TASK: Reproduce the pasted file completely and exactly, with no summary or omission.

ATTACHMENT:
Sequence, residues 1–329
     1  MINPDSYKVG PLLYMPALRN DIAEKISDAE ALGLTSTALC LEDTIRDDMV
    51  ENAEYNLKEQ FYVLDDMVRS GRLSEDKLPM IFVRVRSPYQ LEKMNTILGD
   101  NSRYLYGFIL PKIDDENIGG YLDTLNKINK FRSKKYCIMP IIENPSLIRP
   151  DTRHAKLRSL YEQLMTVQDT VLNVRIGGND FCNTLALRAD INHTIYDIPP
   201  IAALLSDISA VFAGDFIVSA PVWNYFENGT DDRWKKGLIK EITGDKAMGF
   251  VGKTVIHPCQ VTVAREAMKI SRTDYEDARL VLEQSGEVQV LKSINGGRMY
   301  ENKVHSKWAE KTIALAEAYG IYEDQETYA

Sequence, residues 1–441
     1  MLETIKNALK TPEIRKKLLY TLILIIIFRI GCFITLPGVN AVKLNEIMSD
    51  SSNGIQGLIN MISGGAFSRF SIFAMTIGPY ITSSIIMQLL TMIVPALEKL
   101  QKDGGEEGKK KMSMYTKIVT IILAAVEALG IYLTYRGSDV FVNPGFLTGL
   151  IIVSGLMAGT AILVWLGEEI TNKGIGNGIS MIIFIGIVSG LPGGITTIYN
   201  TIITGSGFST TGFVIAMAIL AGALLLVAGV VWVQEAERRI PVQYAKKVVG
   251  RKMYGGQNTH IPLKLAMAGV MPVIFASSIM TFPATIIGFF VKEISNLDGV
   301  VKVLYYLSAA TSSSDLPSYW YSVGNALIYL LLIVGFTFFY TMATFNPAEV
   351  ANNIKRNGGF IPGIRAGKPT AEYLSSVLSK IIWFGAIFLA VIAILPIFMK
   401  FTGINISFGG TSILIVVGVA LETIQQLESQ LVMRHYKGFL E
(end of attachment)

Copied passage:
Sequence, residues 1–329
     1  MINPDSYKVG PLLYMPALRN DIAEKISDAE ALGLTSTALC LEDTIRDDMV
    51  ENAEYNLKEQ FYVLDDMVRS GRLSEDKLPM IFVRVRSPYQ LEKMNTILGD
   101  NSRYLYGFIL PKIDDENIGG YLDTLNKINK FRSKKYCIMP IIENPSLIRP
   151  DTRHAKLRSL YEQLMTVQDT VLNVRIGGND FCNTLALRAD INHTIYDIPP
   201  IAALLSDISA VFAGDFIVSA PVWNYFENGT DDRWKKGLIK EITGDKAMGF
   251  VGKTVIHPCQ VTVAREAMKI SRTDYEDARL VLEQSGEVQV LKSINGGRMY
   301  ENKVHSKWAE KTIALAEAYG IYEDQETYA

Sequence, residues 1–441
     1  MLETIKNALK TPEIRKKLLY TLILIIIFRI GCFITLPGVN AVKLNEIMSD
    51  SSNGIQGLIN MISGGAFSRF SIFAMTIGPY ITSSIIMQLL TMIVPALEKL
   101  QKDGGEEGKK KMSMYTKIVT IILAAVEALG IYLTYRGSDV FVNPGFLTGL
   151  IIVSGLMAGT AILVWLGEEI TNKGIGNGIS MIIFIGIVSG LPGGITTIYN
   201  TIITGSGFST TGFVIAMAIL AGALLLVAGV VWVQEAERRI PVQYAKKVVG
   251  RKMYGGQNTH IPLKLAMAGV MPVIFASSIM TFPATIIGFF VKEISNLDGV
   301  VKVLYYLSAA TSSSDLPSYW YSVGNALIYL LLIVGFTFFY TMATFNPAEV
   351  ANNIKRNGGF IPGIRAGKPT AEYLSSVLSK IIWFGAIFLA VIAILPIFMK
   401  FTGINISFGG TSILIVVGVA LETIQQLESQ LVMRHYKGFL E